Texas Gov. Greg Abbott.
Bob Daemmrich/Pool Photo via AP
A Texas state agency removed online LGBT resources after Gov. Abbott’s challenger mocked the site.
Emails obtained by the Houston Chronicle reveal the webpage was taken down in response to the criticism.
The website remains offline as a review is “ongoing.”
A Texas state agency disabled a website that included a suicide hotline and resources for LGBT youth after Gov. Greg Abbott’s primary election opponent accused the lawmaker of advocating “for transgender ideology,” records obtained by the Houston Chronicle show.
Don Huffines, a businessman and former state senator, is running against Abbott for the Republican Party’s gubernatorial nomination as Abbott sinks to the lowest approval ratings of his career.
In late August, Huffines published a video on Twitter attacking the governor for allowing Texas Youth Connection, a division of the state’s Department of Family and Protective Services, to host a suicide prevention hotline and other resources meant to help queer kids on its website, including a section of the site titled “Gender Identity and Sexual Orientation.”
“These are not Texas values, these are not Republican Party values,” Huffines says in the video. “But these are obviously Greg Abbott’s values.”
-Don Huffines (@DonHuffines) August 31, 2021
Hours after Huffines’ video began gaining traction on social media, first, the “Gender Identity and Sexual Orientation” webpage was deleted.
Shortly thereafter, the entire Texas Youth Connection website was also disabled. The website for Texas Youth Connection is an offshoot of Family and Protective Services. It aims to help kids prepare for life after foster care and included resources for housing and education, in addition to LGBT identity, according to the Chronicle.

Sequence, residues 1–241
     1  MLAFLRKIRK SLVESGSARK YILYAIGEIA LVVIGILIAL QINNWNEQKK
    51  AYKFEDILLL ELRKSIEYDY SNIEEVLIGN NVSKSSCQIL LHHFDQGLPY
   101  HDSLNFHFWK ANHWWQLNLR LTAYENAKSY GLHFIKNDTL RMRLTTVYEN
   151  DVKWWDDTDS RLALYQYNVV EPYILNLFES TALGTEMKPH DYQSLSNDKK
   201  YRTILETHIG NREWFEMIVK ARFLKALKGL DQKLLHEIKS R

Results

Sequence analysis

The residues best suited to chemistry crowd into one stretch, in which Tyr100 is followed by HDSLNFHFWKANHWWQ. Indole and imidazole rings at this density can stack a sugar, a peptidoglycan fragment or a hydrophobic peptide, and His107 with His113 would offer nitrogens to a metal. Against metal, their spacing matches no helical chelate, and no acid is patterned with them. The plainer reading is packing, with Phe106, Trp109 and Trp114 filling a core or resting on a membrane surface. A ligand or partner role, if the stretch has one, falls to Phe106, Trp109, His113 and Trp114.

The website has since been replaced with a message that reads, “The Texas Youth Connection website has been temporarily disabled for a comprehensive review of its content. This is being done to ensure that its information, resources, and referrals are current.”
A screenshot of the current landing page for the Texas Youth Connection website.
Texas Department of Family and Protective Services.
Nearly two months later, employee emails obtained by the Chronicle through a public records request reveal that Department of Family Protective Services employees discussed removing the “Gender Identity and Sexual Orientation” webpage on the Texas Youth Connection website as a direct response to Huffines’ video, right before the page was taken offline.
According to the outlet, the agency’s media relations director Marissa Gonzales emailed a link of Huffines’ video to the department’s communications director Patrick Crimmins 13 minutes after it was posted.
“FYI. This is starting to blow up on Twitter,” Gonzales reportedly wrote.
Crimmins then reached out to the agency’s web and creative services director saying, “we may need to take that page down, or somehow revise content,” the Chronicle reported.
The entire Texas Youth Connection website remains “temporarily disabled” as of Tuesday.
In a statement to the Chronicle, Huffines took credit for the site’s removal.
“We aren’t surprised that state employees who are loyal to Greg Abbott had to scramble after we called their perverse actions out,” Huffines told the newspaper. “I promised Texans I would get rid of that website and I kept that promise.”
Crimmins, who serves as the department spokesman, told Insider that a content review “is still ongoing,” but did not answer specific questions about why the site had been taken down.
This is not the first time Abbott and the state government have been pressured to restrict resources for the transgender community in 2021.
Miffed after the state legislature failed to pass a law restricting transgender children from accessing transition-related care, the governor pledged to find an alternative route in July.
The governor also acquiesced and added plans to create a law restricting transgender kids from playing on school sports teams that match their gender identity after hounding from Lt. Gov. Dan Patrick.